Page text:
Bristol Women’s Voice Wonderful Women Award’s were presented as part of our International Women’s Day celebrations on the 3rd of March. We celebrated over 50 women from across Bristol who had been nominated for their contribution to their communities, each week you can find out more about one of these Wonderful Women.
Carly Wilkinson received a Wonderful Women Award for her work inspiring women to be their most authentic and empowered selves. Carly is the co-founder of Bristol Female Empowerment Network and is a Body-positive fitness instructor. Last year she organised a Women’s March in the space of 72 hours, which was attended by 2,000 Bristol feminists.
What advice would you give your younger self?
It’s such a cliché but I’d advise my younger self not to worry as much. Not to worry about my job or my relationship status or my living situation and certainly not to worry as much about what other people think about me. I spent so long trying to be what I thought everyone expected of me. When I realised that no one was putting pressure on me other than my damn self and even if there were expectations about who I should be, I didn’t actually care, I was able to discard years of anxiety and worry, and my mind was finally calm. I could just get to know myself, and be okay being me. I finally felt like my opinions mattered as much as the next person’s. I wish I’d realised this sooner. Unfortunately, I think I needed to go through all the angst to get to this realisation and experience the catharsis that came with it.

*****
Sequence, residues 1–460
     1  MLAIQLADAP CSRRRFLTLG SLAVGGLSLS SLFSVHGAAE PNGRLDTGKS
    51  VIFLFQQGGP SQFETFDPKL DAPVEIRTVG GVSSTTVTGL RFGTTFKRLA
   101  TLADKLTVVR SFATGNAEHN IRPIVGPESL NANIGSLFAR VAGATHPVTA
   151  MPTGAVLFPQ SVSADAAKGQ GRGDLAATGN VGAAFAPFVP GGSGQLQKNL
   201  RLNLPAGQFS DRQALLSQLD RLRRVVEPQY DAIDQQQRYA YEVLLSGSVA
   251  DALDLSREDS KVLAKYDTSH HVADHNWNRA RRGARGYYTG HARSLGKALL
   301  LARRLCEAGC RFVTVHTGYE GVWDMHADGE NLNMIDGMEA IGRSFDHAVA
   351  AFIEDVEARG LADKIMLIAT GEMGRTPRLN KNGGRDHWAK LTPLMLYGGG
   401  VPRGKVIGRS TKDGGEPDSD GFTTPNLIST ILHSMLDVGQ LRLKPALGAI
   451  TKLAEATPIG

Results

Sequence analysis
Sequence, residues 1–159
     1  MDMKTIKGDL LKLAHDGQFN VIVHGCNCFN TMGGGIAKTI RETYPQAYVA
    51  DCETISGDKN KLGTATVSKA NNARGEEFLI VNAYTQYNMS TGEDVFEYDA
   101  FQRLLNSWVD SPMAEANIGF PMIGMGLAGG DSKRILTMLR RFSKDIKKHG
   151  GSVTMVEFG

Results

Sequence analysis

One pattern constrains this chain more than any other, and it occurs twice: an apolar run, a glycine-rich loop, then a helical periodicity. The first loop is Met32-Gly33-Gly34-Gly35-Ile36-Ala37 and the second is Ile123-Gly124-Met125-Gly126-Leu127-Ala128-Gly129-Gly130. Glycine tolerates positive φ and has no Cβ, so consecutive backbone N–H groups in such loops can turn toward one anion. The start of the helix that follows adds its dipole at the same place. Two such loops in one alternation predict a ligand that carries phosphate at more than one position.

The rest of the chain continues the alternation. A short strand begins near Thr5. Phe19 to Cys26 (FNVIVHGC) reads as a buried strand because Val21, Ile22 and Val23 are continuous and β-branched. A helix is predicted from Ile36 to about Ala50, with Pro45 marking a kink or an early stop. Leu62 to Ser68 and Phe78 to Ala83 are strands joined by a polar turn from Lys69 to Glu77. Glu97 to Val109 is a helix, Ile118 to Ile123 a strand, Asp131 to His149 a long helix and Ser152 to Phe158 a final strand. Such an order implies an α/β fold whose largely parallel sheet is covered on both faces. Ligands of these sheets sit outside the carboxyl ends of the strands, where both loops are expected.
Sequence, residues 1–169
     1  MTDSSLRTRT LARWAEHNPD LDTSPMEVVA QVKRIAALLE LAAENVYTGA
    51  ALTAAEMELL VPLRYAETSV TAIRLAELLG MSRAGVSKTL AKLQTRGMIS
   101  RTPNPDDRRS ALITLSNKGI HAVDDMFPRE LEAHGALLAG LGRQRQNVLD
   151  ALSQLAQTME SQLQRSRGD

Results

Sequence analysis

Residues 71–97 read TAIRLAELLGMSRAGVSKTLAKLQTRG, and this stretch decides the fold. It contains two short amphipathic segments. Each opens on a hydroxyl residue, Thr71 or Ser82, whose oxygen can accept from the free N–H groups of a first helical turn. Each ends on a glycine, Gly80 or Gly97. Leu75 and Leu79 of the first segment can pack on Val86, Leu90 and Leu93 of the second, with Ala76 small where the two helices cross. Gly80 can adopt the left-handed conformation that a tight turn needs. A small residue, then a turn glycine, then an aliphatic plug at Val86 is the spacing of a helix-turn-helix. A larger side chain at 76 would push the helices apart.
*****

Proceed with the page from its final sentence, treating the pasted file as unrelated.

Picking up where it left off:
Which women have inspired you?
Seeing women of diverse ethnicities taking positions of leadership inspires me. Particularly when they don’t display the characteristics of your typical alpha male in that role (I think the idea that to have those positions alongside the privileged, you have to act like them is something we must constantly challenge). Michelle Obama is an excellent example of this – I never considered her just as the wife of a powerful man. She’s a strong woman, doing things her way, and a leader in her own right. For this same reason, Councillor Asher Craig and MP Thangham Debbonaire both made strong impressions on me earlier this year when I was involved in conversations over the future of The Bearpit.
Our children need to see diverse leaders. They need to know the world is changing, and not feel like they are challenging the status quo if they are black, or a woman or disabled, and decide they want to take positions of leadership in their future careers.
What do you want to see change for women in Bristol?
It’s perhaps controversial to say it, but I’ve been struck by the racial segregation in the city. I’ve been here for about eighteen months and it seems like a hugely liberal place, but I have this nagging feeling in my belly that if you’re from certain ethnic backgrounds, there are places in the city you’d be more expected to frequent. I’ve mentioned my observations quietly to others and it seems like many notice it, but we don’t dare do more than whisper it. I don’t know why – are we scared to tarnish the liberal veneer of Bristol? I think, when it comes to the point that I’m noticing faces that look like mine in the street because I’m not used to seeing them, something’s not right.
I’ve not been used to not giving this sort of thing much thinking time in my past life, because it’s not been as apparent. Here, it feels more apparent. I want Bristol to get to the stage where segregation isn’t something we think about, because it doesn’t exist. I don’t know how to achieve this, which is frustrating. Maybe, if you feel the same, being open and talking about it, is a first step towards a more integrated city?